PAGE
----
> But it can also lead you  - if you are not careful - to your making 
> big reasoning mistakes, that you may not notice initially at all.
> So for example your comments about using the sioc:member_of relation to
> do one thing, and the sioc:has_member relation to do something else are 
> the types of errors that stem from that. Those are inverse relations so 
> they imply one another. You should not work as if you could have
>   G sioc:has_member p .
> without having
>   p sioc:member_of G .
> Of course if you don't have reasoning set up, then you won't notice it.
> But when later you do start switching it on, the parts of your reasoning that
> were relying on those non existent distinctions won't work.

exactly, what I had suggested is a short term hack and I want to avoid
it, rather address the true problem listed above
>> _:myfriends owl:equivalentClass [
>> 	a owl:Restriction ;
>> 	owl:hasValue <http://webr3.org/nathan#me> ;
>> 	owl:onProperty [ owl:inverseOf foaf:knows ]
>> 	] .
> Good so this is what I think we were proposing earlier.
> Clearly if you don't have a good owl reasoner, which few of us have, 
> then you would just use the above to calculate the set of members of the
> class by using it to write out a query such as 
>   ?p a _:myfriends .
> } WHERE {
>   <http://webr3.org/nathan#me> foaf:knows ?p .
> }
> You would add the results to the graph that the access control
> engine then uses to make its decision. If you can you should try to
> cache that graph, so that you don't need to calculate these things 
> all the time.

:) good, have implemented the equiv in code with http caching, sadly not
many people are publishing graphs w/ ETags and cache control - that's an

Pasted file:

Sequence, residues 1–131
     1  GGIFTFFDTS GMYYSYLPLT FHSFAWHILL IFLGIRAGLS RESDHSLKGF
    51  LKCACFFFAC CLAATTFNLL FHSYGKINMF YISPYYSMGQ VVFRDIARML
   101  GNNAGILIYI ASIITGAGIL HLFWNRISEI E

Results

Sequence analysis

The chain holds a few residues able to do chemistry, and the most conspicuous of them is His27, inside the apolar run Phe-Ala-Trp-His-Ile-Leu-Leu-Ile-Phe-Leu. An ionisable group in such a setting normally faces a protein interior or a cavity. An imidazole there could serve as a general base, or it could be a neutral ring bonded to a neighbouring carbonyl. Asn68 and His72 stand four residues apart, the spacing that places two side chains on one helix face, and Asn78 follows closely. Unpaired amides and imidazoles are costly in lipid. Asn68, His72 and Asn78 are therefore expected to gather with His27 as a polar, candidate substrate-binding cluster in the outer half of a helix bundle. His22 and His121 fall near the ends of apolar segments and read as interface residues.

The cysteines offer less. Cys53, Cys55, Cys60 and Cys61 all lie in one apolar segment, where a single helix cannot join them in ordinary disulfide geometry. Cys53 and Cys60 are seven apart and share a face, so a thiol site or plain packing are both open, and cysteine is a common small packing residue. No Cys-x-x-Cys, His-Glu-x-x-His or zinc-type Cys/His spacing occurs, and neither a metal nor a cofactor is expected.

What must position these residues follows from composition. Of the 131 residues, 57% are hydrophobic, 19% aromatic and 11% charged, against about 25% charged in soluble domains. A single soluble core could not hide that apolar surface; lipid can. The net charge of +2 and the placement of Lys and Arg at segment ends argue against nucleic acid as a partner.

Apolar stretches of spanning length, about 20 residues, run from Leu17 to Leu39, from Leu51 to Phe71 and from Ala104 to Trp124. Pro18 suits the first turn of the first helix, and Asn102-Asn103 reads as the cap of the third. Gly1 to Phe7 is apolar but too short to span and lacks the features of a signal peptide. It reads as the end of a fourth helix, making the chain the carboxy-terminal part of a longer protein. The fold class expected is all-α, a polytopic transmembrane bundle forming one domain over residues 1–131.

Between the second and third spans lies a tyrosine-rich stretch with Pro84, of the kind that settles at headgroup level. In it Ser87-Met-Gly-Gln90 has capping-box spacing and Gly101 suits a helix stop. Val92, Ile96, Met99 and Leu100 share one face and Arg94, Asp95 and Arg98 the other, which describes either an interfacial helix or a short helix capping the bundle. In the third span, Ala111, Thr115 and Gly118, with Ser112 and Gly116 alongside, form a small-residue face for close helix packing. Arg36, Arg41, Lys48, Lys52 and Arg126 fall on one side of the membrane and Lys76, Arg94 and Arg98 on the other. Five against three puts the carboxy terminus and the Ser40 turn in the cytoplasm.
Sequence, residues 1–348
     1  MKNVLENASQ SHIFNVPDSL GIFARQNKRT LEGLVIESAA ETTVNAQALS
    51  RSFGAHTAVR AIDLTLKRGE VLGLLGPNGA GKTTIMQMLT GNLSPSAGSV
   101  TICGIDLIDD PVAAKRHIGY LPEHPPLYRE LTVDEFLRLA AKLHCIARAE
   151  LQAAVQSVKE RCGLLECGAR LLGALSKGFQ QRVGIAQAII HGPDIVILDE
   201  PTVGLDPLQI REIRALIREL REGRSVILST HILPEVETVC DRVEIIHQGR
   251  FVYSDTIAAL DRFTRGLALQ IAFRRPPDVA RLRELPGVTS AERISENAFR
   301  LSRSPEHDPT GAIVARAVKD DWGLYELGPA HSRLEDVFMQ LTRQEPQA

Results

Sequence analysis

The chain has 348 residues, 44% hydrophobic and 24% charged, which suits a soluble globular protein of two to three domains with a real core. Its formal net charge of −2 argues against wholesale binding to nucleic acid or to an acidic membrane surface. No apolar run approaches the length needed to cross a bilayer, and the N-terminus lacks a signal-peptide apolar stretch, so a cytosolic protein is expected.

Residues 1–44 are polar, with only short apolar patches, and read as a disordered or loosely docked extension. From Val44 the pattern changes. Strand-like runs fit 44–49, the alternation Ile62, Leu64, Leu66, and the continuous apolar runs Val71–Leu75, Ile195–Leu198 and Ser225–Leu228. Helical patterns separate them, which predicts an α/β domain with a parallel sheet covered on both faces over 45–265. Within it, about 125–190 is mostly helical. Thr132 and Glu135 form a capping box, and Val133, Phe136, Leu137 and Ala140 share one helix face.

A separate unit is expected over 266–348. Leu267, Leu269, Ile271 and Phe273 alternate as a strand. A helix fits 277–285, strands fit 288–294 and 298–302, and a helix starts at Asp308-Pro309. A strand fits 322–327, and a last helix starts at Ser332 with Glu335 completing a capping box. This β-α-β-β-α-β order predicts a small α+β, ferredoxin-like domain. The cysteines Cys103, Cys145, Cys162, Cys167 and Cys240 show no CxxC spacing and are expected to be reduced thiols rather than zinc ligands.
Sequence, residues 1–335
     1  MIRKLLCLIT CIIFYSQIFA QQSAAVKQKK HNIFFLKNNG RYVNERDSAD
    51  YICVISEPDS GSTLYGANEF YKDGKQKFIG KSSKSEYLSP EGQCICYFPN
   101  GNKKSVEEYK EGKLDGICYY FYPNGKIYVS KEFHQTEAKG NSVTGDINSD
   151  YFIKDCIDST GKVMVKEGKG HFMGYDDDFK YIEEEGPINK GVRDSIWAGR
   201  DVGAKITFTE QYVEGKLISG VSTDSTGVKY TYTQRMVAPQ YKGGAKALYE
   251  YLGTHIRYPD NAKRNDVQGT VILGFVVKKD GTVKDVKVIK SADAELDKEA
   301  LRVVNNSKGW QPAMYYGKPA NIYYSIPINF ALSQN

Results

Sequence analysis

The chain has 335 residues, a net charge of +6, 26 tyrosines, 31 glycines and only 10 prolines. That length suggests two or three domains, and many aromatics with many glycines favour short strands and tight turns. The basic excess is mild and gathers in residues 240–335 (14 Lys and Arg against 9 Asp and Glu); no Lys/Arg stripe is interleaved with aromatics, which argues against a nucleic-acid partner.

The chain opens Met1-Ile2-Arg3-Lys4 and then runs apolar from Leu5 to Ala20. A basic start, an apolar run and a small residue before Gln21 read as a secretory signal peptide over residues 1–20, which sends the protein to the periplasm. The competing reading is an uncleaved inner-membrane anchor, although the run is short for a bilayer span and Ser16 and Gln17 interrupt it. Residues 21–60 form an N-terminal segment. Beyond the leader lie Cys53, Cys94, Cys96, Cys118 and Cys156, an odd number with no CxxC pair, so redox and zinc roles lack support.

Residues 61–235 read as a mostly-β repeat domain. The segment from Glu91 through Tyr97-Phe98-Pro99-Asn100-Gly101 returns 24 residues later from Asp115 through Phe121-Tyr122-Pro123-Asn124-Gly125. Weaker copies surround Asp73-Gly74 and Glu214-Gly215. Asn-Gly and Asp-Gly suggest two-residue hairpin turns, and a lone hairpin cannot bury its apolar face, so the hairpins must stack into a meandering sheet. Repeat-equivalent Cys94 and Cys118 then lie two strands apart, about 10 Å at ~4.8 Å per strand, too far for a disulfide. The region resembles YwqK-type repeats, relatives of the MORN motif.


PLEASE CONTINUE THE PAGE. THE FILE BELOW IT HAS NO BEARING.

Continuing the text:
aside though!

>> exactly the same code works for the above sioc:Usergroups acl,
> The concern I was having in some of your previous remarks is that
> you were treating a sioc:Usergroup as a class. I am not really sure
> why it is not, and clearly it would make things easier with these
> owl reasoning tools. But then the foaf:knows case shows more precisely
> why one will need these intermediate mappers.

exactly, all that remains now is to express "who to trust" in owl

>> the problem at heart is what IanD was asking on semantic overflow the
>> other day  
>> http://www.semanticoverflow.com/questions/757/which-owl-reasoners-understand-named-graphs
> I have added a few more explanatons to that post. Hope it helps.


>> will leave this here and possibly just drop in a <group-uri>
>> rdfs:isDefinedBy <dereferenced-group-uri> to atleast delegate some kind
>> of trust / indicate where to look.
> If what you do is private, and only you can see it, you can pretty much
> do what you want. Things will get more complex and require proper usage of terms
> if you do publish your ACLs and try to integrate with public documents.

indeed, hence looking for the real solution to this problem of
expressing who to believe as outlined througout :)

Best & thanks once again,

Received on Thursday, 22 April 2010 09:22:51 UTC